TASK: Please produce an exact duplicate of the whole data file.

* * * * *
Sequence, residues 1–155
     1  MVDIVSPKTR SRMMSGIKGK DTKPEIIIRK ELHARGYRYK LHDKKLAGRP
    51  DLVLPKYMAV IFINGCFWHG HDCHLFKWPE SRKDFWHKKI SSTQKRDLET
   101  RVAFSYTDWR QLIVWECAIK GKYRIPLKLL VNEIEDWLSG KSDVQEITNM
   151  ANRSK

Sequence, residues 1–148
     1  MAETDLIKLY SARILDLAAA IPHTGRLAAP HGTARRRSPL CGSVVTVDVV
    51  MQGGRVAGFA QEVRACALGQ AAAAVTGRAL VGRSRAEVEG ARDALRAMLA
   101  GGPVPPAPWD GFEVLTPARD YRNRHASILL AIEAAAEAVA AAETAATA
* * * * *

Sequence, residues 1–155
     1  MVDIVSPKTR SRMMSGIKGK DTKPEIIIRK ELHARGYRYK LHDKKLAGRP
    51  DLVLPKYMAV IFINGCFWHG HDCHLFKWPE SRKDFWHKKI SSTQKRDLET
   101  RVAFSYTDWR QLIVWECAIK GKYRIPLKLL VNEIEDWLSG KSDVQEITNM
   151  ANRSK

Sequence, residues 1–148
     1  MAETDLIKLY SARILDLAAA IPHTGRLAAP HGTARRRSPL CGSVVTVDVV
    51  MQGGRVAGFA QEVRACALGQ AAAAVTGRAL VGRSRAEVEG ARDALRAMLA
   101  GGPVPPAPWD GFEVLTPARD YRNRHASILL AIEAAAEAVA AAETAATA